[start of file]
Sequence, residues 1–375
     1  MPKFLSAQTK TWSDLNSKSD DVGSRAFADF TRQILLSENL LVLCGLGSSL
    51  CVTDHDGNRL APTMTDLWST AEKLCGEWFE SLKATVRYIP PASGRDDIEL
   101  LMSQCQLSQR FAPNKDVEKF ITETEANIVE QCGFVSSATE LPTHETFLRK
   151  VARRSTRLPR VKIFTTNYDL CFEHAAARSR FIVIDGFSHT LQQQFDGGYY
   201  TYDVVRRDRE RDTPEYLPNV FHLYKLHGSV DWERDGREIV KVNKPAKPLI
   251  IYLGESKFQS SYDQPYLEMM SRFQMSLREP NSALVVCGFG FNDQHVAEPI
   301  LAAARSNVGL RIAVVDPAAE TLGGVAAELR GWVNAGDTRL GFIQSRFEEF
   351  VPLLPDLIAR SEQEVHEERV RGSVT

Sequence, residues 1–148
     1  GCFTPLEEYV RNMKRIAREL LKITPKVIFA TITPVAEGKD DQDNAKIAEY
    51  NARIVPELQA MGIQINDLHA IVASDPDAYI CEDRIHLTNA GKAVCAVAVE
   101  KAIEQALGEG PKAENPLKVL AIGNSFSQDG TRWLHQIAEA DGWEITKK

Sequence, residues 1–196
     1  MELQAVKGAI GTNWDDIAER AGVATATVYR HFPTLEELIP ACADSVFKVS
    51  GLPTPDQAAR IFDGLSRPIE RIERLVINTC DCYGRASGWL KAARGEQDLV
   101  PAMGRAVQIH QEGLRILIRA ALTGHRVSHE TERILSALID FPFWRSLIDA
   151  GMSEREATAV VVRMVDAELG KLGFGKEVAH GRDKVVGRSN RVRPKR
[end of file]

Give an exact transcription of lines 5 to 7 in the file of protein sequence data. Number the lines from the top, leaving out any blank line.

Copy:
   151  VARRSTRLPR VKIFTTNYDL CFEHAAARSR FIVIDGFSHT LQQQFDGGYY
   201  TYDVVRRDRE RDTPEYLPNV FHLYKLHGSV DWERDGREIV KVNKPAKPLI
   251  IYLGESKFQS SYDQPYLEMM SRFQMSLREP NSALVVCGFG FNDQHVAEPI